The other dealer in my area is just like you described.
Do technicians still need to buy their own tools? I remember reading about that and it seemed absurd to me, having to spend all this money in order to get a job. People working on a road construction crew don’t have to bring their own excavators.
It is standard for technicians to buy their own basic tools, however they receive an tool allowance to pay for them (either a fixed sum or percentage of their wage, paid annually or monthly). Aviation mechanics are under this policy as well, industrial mechanics are mixed.
The benefit for the employer is that employees are less liable to abuse, lose or steal tools. The benefit for the tech is that they don’t have to share abused tools, and they build up their tools over time so they can leave and start their own business without a huge investment.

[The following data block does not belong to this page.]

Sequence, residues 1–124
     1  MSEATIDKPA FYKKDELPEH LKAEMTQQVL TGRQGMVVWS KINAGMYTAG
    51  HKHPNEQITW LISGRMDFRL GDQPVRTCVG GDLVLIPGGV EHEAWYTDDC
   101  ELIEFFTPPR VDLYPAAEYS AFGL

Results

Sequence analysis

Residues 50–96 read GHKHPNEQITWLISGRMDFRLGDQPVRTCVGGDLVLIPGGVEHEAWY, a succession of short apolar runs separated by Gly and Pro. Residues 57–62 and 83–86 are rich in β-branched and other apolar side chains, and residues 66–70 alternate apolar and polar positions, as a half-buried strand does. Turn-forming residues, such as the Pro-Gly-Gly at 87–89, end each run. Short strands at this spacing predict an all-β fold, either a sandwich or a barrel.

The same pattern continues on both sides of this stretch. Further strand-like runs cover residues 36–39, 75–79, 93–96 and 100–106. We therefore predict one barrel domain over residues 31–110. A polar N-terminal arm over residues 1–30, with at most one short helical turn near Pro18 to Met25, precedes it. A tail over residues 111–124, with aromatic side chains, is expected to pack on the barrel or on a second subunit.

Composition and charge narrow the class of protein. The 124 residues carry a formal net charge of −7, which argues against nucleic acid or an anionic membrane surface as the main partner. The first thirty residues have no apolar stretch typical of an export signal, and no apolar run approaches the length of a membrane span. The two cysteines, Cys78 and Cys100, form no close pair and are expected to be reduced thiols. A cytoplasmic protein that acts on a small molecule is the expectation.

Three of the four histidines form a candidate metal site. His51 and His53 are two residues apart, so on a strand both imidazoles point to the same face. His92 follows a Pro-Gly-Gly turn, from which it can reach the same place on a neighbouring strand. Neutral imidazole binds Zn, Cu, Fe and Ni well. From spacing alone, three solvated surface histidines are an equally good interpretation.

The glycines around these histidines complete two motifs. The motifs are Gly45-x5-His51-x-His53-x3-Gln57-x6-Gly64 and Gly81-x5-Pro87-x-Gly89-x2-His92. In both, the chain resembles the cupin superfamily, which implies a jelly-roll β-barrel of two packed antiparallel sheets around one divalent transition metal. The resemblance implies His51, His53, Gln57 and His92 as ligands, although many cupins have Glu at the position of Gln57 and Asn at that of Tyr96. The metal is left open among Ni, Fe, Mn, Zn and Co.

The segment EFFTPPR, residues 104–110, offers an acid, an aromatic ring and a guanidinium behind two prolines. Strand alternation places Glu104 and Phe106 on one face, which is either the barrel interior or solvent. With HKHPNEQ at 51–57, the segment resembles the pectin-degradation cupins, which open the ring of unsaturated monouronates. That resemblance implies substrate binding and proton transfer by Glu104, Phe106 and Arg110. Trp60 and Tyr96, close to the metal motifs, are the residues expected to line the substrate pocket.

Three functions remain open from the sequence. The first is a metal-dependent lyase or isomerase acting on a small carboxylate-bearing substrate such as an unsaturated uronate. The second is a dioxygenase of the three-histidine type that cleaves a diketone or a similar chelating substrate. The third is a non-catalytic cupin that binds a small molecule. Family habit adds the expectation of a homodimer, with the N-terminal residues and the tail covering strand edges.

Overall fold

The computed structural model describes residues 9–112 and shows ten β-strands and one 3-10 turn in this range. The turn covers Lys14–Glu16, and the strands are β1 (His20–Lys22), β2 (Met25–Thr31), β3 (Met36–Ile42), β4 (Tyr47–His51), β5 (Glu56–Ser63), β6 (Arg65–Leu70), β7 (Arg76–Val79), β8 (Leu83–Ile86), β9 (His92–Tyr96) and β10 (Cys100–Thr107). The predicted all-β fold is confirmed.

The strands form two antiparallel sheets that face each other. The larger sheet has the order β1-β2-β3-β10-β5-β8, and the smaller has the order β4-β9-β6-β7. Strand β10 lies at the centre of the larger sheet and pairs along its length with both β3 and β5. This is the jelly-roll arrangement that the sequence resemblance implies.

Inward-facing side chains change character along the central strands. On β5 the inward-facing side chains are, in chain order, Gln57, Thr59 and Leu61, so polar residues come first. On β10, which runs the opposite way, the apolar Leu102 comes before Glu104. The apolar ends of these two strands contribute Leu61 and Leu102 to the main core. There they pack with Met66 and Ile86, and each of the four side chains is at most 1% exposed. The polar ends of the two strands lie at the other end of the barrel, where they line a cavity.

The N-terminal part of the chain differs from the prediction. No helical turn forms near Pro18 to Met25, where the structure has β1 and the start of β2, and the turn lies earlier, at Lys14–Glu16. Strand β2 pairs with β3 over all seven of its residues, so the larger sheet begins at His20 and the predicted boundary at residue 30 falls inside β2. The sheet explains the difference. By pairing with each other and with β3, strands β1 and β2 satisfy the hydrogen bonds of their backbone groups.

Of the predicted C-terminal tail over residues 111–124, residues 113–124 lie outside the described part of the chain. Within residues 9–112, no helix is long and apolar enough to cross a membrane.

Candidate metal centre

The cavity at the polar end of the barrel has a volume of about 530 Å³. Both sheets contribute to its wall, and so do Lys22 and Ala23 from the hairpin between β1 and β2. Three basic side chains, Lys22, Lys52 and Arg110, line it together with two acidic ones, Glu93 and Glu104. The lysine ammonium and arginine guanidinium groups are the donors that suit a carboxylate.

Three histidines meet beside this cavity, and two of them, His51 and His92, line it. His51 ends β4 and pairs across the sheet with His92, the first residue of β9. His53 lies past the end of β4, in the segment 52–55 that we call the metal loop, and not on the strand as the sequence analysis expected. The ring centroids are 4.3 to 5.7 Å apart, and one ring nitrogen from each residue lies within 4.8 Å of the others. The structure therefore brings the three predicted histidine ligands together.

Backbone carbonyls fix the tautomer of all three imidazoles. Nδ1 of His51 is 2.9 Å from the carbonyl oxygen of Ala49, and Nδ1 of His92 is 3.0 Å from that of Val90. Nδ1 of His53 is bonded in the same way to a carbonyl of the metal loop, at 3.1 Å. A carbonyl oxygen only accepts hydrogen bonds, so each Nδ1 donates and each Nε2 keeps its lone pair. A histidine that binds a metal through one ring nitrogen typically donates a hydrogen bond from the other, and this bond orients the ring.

This is similar to most employee uniforms: the employee gets a regular allowance but is otherwise responsible for them.
I haven’t been in the industry since the late 90’s, so maybe it has changed, but I didn’t get a tool allowance. I suspect it depends on the employer.
Incidentally, the story has not apparently changed. In the 90’s is was the same line of how the industry needed more technicians and you could make all kinds of money. Then after getting a 2 year degree, the Volvo/Pontiac dealer I worked for told me I’d have to take a beating for the first 5 years when I asked needing to make more money. 5 years, all while buying your own tools. I left the industry and went back to school. It seemed pretty common that some of the best talent ended up frustrated and left. All the teachers at the college were ex-techs and none seemed to have any remorse or desire to go back to being a technician.